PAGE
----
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Vegetable Gardening Hints, Issue #003-- Your March to do list and more.
March 02, 2008

March weather is often unpredictable. In colder climates you probably cannot wait for the snow to melt, in warmer climates you can start working outside this month. Either way, there are things you can do to get ready for your spring planting.


  • Keeping a journal. If you do not have a notebook yet, now is the time to get one. Keeping track of what and where you are planting your vegetables is very important for a successful vegetable garden.

  • Visit your garden centers. Depending on where you live garden centers will be starting to get in seedlings especially towards the end of the month. Here are some tips to follow:
    • If you are new to vegetable gardening check out different centers to see what they have to offer and chat with the sales people to see how helpful they can be.
    • When purchasing seedlings and equipment choose a reputable nursery or garden center; the cheapest product does not always save you money in the long run. Choose healthy plants.
    • Choose centers that are devoted to gardening rather than big box type stores - the plants are usually cared for by people who know what they are doing resulting in a healthier plant for you to take home.
    • Choose one where stock moves fairly quickly so that way you know you are buying fresh stock.

  • Choosing your transplants If you are not planning to start all your own seedlings it is important to choose what you bring into your garden wisely. The last thing you want to do is bring in pests or disease to your garden. Tips for buying healthy transplants:
    • Vegetable plant stems should be sturdy and stocky not spindly.
    • Leaf color should be a good medium green color. If plants are yellowish or pale green they may not be getting the nutrients they need for a good start.
    • Inspect plants for insects; check the underside of the leaves for insects and discoloration.
    • Never buy vegetable plants with fruit on them, this is a sign they are old and they may not adjust well when transplanted.
    • If vegetable plants have flowers, snip them off before transplanting into your garden bed. This allows the plant to send energy to root growth; flowers will grow back.
    • When purchasing vegetable plants it is very important to get them transplanted into your garden within a few days of bringing them home.

  • Get your soil ready for planting. For many of us March is the month we are physically getting into our gardens. For a healthy vegetable garden you need healthy garden soil. Learn more about preparing your garden soil .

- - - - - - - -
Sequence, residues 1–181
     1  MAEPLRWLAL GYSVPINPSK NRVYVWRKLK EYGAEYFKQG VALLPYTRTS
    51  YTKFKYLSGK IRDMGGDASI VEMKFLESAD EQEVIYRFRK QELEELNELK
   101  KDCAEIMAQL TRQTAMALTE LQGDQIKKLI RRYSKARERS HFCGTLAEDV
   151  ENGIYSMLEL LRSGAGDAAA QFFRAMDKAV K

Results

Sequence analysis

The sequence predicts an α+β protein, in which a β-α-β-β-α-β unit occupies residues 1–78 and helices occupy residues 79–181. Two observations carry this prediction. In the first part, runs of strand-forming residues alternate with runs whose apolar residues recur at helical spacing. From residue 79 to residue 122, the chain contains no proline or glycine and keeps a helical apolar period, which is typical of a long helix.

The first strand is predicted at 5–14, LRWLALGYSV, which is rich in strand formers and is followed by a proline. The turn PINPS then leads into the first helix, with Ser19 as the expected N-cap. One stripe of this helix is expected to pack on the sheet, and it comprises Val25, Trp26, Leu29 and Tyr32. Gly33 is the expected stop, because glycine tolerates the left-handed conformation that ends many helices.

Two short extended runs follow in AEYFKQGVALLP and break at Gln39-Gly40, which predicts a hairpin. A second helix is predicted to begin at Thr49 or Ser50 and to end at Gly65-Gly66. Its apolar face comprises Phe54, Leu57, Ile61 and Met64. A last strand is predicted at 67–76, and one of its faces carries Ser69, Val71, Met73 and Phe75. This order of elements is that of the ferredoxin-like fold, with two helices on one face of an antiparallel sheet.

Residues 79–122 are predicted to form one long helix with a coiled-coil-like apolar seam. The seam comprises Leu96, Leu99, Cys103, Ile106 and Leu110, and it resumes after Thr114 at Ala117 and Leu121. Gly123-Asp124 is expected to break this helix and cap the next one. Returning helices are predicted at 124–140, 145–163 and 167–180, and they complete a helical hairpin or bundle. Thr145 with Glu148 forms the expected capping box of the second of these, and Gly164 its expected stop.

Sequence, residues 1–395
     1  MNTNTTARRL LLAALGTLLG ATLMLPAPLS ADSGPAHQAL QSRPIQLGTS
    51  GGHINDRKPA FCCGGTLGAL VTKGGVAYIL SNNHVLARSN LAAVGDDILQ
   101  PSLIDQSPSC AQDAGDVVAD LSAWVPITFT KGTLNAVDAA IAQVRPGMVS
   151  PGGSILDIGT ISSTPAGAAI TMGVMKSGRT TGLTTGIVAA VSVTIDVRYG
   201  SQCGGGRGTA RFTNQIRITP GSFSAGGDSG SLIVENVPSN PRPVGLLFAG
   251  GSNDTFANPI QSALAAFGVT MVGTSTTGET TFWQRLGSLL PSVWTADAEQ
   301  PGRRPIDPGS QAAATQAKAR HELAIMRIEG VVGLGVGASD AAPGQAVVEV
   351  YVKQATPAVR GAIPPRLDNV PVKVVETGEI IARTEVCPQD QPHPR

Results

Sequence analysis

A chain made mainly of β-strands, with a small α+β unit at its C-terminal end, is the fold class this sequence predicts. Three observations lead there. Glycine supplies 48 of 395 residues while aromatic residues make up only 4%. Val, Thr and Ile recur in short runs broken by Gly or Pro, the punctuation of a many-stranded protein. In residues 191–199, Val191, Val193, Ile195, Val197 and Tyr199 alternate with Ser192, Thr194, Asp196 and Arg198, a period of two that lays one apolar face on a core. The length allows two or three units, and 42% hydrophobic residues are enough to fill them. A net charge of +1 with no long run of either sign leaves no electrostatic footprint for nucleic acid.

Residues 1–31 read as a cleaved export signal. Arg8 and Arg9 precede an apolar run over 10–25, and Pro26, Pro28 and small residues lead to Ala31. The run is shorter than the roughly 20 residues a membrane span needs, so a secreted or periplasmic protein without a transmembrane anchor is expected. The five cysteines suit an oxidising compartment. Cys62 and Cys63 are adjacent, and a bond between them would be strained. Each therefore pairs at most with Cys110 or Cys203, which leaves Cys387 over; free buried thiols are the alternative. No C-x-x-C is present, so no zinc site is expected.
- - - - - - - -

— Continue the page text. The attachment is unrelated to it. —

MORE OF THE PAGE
• Read your seed packets You now have your garden plan, your soil is prepared and now you are ready to sow some seeds. Seed packets have valuable planting information. They have directions on when and how to plant for best results. Learn more about growing vegetables .

All of this will help you to make the right choices for your spring vegetable garden .


March is the month for planting your potatoes and peas

Potatoes do not like water logged soil, so if your garden site is in a wet area wait until your soil is dryer before planting. I have planted as late as the end of April and still have harvested nice potatoes so do not panic if you cannot get yours out this month.

Here are my tips for growing great potatoes:

  • Choose disease resistant varieties.
  • Keep them evenly moist but not soggy for the first six weeks after planting.
  • Keep tubers well covered so they are not exposed to sunlight by hilling the new growth.
  • Once the plant has flowered you can stop hilling but now is the time to mulch with hay, straw or grass clippings to keep the soil cool and weed free.
  • After the flowers have opened you can harvest for "new" potatoes. Dig around the base of the plant pulling out the small potatoes.
  • Once the foliage starts to die back the tubers are fully grown.
  • If your climate is not extremely warm or wet mature potatoes can be kept in the ground for several weeks.

Learn more about growing potatoes here.

Eating freshly picked peas is truly a gardeners delight. Peas are really easy to grow and will do so in almost any type of soil.

Here are my tips for growing great peas:

  • Do not plant seeds if your soil is too wet; they will not germinate. Raised beds usually dry out sooner in the spring so this is a good option if you have a wet garden site.
  • They like cool temperatures so the spring months are the perfect time to sow your seeds. Follow your seed packet for planting instructions.
  • Shelling peas are harvested when the pod is plump and bright green. You then open the pod and eat the green peas that are inside.
  • Snap peas are harvested when plump and bright green as well. The difference from shelling peas is the snap pea has an edible pod that is very sweet and crunchy. These are my favorite.
  • Snow peas are harvested when the pod is still flat and about 2-3 inches long. With this variety the pod is edible.
  • Harvest daily to encourage more pod growth.
  • To save your own seed, set aside a couple of plants and do not harvest the pods. Let them fill out and after they have dried on the vine harvest them, shell and then store the peas in a dry cool place over the winter.

Learn more about growing peas here.

March is the month to get out into your garden and start planting. Check in with for the simplest steps to having your own vegetables.

If you have enjoyed this ezine please tell a friend.

Welcome to the world of vegetable gardening!


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